Wednesday, April 22, 2009

Addendum to "A few things I found..."

This morning when I got in to work I told the coworker who had told me about the person who had left things behind yesterday that I had found a lot of that person's stuff in the dumpster and what I had taken home. The coworker assumed that the landowners had taken the vacating renters' stuff and put it in the dumpster, and was understandably upset. But I didn't think that's what happened, that is, I still thought it was the person who left their own stuff in the dumpster, and went on with my day until I overheard a little snippet of conversation that was related to the one I'd had earlier.

The same coworker I talked with at the beginning of the day had just found out the person who left all their stuff behind had committed suicide, last night or very early this morning. A few hours later I found out one of the people who runs a business next to the bakery was a friend of the deceased and that the deceased had killed themselves by drowning in a nearby river, and that the deceased has family in the area. I also found out that the person who drown had been having a hard time for a very long time and had "been more functional in the past eight months" than the friend had ever seen them, partly due to being housemates with a caring mutual friend.

It's a shock, of course. I feel strangely connected to this person I met for maybe five minutes ten days ago, because I've handled and now have some of their stuff. But that was true yesterday. Now it's stranger because that person will never use these items again, not only because they left them behind but because they are no longer a part of the corporeal world.

It never entered my mind that leaving those items behind was one of the last things the person would do before they left this world. I thought it was more on a continuum of bipolar manic behavior that would eventually swing back the other way. I just didn't see it coming. I think it takes experience as well as intuition to see the possibility of suicide in other people, and although I've got gobbs of intuition, I have, mercifully, very little experience with suicides. So I think I need to forgive myself for not being able to anticipate what came after the person left their things behind, what came after they drove off in their car, what came after they went down to the river.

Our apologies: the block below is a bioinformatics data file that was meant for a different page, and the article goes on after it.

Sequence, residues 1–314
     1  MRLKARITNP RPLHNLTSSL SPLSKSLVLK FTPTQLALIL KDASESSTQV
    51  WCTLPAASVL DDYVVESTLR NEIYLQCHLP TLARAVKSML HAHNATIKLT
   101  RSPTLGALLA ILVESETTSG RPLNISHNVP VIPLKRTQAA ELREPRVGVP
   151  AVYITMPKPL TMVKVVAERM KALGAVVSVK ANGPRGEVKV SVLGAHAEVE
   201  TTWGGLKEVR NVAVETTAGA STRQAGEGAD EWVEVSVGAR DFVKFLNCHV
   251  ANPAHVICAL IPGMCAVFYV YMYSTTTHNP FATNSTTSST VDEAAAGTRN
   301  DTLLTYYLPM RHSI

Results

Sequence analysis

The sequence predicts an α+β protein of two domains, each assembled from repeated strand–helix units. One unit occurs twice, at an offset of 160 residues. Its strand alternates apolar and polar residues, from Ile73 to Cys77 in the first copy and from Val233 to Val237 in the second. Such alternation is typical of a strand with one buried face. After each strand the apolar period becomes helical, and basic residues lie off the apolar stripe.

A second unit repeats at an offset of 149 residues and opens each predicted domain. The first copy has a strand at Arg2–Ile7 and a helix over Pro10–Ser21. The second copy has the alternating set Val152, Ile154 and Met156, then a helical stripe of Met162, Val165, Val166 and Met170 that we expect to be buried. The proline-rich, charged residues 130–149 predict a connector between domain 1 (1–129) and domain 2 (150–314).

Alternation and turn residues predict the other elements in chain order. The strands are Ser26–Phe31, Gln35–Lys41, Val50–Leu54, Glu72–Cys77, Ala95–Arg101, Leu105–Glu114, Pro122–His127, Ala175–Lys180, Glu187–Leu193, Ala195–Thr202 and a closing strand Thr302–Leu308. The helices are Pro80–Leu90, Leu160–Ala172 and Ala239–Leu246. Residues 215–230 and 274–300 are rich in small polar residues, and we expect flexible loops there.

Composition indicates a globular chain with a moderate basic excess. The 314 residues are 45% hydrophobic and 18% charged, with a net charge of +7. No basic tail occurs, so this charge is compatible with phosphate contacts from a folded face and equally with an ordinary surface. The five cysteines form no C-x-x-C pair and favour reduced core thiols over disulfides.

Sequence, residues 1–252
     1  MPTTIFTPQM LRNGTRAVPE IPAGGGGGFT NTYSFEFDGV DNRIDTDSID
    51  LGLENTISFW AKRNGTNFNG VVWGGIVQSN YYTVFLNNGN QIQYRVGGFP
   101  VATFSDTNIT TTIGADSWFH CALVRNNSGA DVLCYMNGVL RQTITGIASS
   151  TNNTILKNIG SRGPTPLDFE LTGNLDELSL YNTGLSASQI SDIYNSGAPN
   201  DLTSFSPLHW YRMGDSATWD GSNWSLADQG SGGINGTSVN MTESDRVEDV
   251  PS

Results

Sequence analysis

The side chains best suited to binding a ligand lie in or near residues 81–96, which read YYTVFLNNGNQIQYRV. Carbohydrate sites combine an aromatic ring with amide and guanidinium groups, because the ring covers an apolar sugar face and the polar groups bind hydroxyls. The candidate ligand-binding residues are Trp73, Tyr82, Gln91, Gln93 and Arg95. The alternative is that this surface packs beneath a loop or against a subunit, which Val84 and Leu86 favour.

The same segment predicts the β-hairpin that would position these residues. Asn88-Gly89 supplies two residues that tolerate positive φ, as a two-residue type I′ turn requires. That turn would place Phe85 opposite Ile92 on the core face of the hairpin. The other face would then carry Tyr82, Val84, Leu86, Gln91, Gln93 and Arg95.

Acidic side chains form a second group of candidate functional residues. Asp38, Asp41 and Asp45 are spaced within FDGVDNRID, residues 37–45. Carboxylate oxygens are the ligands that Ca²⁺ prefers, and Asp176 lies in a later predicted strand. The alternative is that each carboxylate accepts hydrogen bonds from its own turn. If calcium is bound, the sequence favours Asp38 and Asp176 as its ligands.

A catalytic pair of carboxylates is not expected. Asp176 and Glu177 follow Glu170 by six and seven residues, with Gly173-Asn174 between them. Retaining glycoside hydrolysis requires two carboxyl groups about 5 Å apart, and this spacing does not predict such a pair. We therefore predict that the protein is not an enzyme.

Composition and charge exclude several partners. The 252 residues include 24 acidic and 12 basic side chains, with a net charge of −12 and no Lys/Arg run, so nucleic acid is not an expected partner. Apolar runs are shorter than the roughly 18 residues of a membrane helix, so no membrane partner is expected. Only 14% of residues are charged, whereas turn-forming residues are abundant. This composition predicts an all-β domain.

Once again, as I wrote yesterday, this time to say good bye -

I love you.
I'm sorry.
Please forgive me.
Thank you.

Tuesday, April 21, 2009

A few things I found in the garbage at work today.

So today I'm doing the usual end of the day stuff at work- taking the garbage, recycling and compost out to their respective dumpsters. I do the recycling first, then lift the lid of the garbage bin and see a couple of six foot long lengths of magenta colored fiber board just covering a pile (maybe 20) of books, a big area rug, a portable massage table, a couple of sweaters and a pair of muck boots and six more smaller lengths of fiber board, and other misc. items. I start looking at the books and grab Mary Oliver's New and Selected Poems and the Dalai Lama's Ethics for the New Millenium and the Anatomy Coloring Book, by Wynn Kapit and Lawrence M. Elson. I also take the fiber boards, which I realize is probably the bookcase that held all these books, the massage table, and the area rug, plus a few other small items.